Facebook’s aggressive attempt to entice the people of Earth to broadcast their mundane activities to the world over live video appears to have hit a bump in the road. According to Recode, “Facebook is de-emphasizing live video” during talks with publishers, and many of those who signed contracts in which Facebook subsidized their livestreaming efforts do not expect to renew those terms.
Instead, Facebook is reportedly encouraging publishers to produce premium video along the lines of something that you might see on Netflix, to use Recode’s comparison. Facebook has been reluctant to admit that it is a media company, claiming it was a mere tech platform until late last month, when Mark Zuckerberg capitulated: “Facebook is a new kind of platform. It’s not a traditional technology company. It’s not a traditional media company. You know, we build technology and we feel responsible for how it’s used.”
Facebook was shelling out millions to celebrities and established media brands, requiring them to make a set number of live videos every week. Sites like BuzzFeed and the New York Times were reportedly both paid more than $3 million to produce footage. CNN, Vox Media, and celebrities like Gordon Ramsay and Kevin Hart were also compensated.
Many large media companies have significantly reoriented themselves around video, laying off editorial staff (Mashable) or restructuring (Tronc) in order to make room for more audiovisual content. Other leading digital-media brands have taken on significant funding from traditional broadcasters like NBCUniversal (BuzzFeed, Vox) and Disney (Vice). Facebook’s encouragement of these companies to put more TV-like content on their platform is not surprising.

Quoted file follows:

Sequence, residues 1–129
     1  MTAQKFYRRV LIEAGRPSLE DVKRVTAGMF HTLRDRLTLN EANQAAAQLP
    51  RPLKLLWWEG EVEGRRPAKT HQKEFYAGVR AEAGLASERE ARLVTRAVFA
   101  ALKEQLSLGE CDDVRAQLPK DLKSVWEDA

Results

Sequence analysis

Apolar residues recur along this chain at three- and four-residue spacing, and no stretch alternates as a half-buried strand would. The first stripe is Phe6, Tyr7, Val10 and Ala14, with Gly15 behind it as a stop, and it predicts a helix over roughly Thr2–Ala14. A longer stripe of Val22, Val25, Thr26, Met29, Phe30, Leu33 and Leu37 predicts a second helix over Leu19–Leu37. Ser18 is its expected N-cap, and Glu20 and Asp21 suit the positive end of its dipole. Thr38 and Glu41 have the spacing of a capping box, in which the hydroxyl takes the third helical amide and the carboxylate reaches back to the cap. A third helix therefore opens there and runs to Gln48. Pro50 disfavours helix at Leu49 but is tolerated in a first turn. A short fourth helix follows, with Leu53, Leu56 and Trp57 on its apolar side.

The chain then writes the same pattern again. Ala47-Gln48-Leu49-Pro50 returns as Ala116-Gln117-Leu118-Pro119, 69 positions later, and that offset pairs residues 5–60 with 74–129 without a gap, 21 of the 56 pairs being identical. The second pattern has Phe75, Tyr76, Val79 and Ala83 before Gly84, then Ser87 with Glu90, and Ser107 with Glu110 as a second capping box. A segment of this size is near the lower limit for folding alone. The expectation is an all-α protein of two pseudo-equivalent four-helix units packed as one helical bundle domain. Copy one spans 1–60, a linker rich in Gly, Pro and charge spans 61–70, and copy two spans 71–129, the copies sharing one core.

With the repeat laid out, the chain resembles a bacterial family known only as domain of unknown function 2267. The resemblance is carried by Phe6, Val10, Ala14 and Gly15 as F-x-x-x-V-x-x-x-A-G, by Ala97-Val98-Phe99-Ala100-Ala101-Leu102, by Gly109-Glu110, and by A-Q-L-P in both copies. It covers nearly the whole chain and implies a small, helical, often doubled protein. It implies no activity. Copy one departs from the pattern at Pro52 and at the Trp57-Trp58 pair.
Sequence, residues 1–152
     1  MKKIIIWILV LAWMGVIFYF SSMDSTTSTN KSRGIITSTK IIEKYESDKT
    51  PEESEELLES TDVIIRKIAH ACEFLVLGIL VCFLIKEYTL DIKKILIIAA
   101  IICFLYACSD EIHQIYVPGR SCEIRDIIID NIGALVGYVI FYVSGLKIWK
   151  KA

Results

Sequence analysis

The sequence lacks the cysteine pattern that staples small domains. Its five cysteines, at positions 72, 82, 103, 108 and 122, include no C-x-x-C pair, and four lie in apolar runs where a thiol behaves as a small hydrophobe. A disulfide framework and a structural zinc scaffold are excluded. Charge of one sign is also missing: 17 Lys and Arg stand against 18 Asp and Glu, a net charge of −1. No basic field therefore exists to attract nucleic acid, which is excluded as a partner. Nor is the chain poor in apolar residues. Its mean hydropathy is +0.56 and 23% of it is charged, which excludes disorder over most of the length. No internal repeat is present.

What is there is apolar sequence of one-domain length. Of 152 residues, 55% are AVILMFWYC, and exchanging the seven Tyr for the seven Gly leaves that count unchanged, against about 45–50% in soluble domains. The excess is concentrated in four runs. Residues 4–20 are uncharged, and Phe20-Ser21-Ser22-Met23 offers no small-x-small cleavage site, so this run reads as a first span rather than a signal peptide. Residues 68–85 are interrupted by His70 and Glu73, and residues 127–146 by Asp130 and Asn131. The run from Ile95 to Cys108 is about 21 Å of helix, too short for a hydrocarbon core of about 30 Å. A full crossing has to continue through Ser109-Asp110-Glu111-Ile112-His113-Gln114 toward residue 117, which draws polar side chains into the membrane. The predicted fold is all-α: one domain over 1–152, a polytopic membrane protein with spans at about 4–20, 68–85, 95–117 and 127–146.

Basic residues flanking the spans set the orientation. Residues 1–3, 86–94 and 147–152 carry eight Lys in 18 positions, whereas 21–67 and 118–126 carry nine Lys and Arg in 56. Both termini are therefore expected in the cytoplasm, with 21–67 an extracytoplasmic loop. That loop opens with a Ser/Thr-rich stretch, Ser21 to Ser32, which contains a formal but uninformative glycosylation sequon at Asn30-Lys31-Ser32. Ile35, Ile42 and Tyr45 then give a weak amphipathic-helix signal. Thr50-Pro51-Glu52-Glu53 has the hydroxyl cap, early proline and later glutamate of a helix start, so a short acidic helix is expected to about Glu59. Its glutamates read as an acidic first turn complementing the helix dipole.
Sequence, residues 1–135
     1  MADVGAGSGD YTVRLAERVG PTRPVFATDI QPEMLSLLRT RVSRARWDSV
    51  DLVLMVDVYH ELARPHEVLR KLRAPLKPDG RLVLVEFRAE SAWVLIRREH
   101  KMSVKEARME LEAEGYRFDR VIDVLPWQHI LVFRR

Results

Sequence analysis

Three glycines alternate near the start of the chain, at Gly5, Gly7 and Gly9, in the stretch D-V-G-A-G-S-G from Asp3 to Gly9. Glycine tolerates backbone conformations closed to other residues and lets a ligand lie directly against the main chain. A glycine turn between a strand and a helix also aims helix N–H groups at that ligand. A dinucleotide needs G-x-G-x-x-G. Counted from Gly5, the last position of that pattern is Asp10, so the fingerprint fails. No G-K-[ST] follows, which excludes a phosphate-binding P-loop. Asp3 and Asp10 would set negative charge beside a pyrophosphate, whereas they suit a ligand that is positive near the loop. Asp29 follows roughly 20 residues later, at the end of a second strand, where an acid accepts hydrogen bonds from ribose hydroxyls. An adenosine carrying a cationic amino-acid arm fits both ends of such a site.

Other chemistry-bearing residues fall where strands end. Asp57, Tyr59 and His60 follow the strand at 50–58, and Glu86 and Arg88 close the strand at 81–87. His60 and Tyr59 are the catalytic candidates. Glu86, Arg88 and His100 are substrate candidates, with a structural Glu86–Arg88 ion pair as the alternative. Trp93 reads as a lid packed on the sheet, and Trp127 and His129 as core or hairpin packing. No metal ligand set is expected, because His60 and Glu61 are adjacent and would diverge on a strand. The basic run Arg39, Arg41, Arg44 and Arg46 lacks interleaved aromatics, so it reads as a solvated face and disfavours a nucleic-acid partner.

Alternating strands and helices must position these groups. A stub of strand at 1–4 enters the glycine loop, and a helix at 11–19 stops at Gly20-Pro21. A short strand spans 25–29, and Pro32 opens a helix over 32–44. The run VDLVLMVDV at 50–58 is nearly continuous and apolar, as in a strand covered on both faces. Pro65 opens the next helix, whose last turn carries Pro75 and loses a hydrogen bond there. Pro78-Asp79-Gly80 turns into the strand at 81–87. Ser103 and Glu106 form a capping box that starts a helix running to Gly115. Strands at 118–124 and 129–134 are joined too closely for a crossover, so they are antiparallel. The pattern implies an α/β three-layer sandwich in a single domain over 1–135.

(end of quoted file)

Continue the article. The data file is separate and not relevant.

But pumping the brakes on its Live initiative also appears as the first inkling of an acknowledgment that Facebook fundamentally misunderstood the purpose of livestreaming on the web, which functions in a very different way than, say, a live television newscast. Hell, the most popular live videos include BuzzFeed’s watermelon video and Chewbacca Mom, which was just a woman laughing in her car for four minutes.
The most important and truly compelling use cases for Facebook Live came during events that are impossible for digital publishers to replicate: House Democrats staging a sit-in for gun control; an attempted coup in Turkey; and last but not least, the killing of Philando Castile at the hands of police.
This is not really the end of Facebook Live as a whole, but it is the end of the glut of mediocre, heavily produced livestreams that might have been clogging your News Feed. The contracts Facebook inked were meant to kickstart the trend, not sustain it indefinitely.
Facebook’s live video was meant to solve the problem of a decrease in original sharing — people sharing less about themselves. Why they decided approaching professional publishers to make professional video would be the best way to make it seem accessible was always a more than a little confounding. The most popular livestreaming services are, by any stretch of the definition, mundane. Video-game streamers on Twitch spend hours sitting motionless, flapping their gums. YouNow is a platform for teens to vlog about chem class from their American Room. Snapchat, while not truly live, is close enough, and it’s ephemeral. Mark Zuckerberg, in his own words, wanted livestreaming to be more raw, more visceral, and less rehearsed, and yet he decided that outlets like CNN were the best way to embody that ethos. And he wanted the videos to be archived permanently on the servers of the world’s largest commercial data-collection operation. No wonder the live program has been slow going.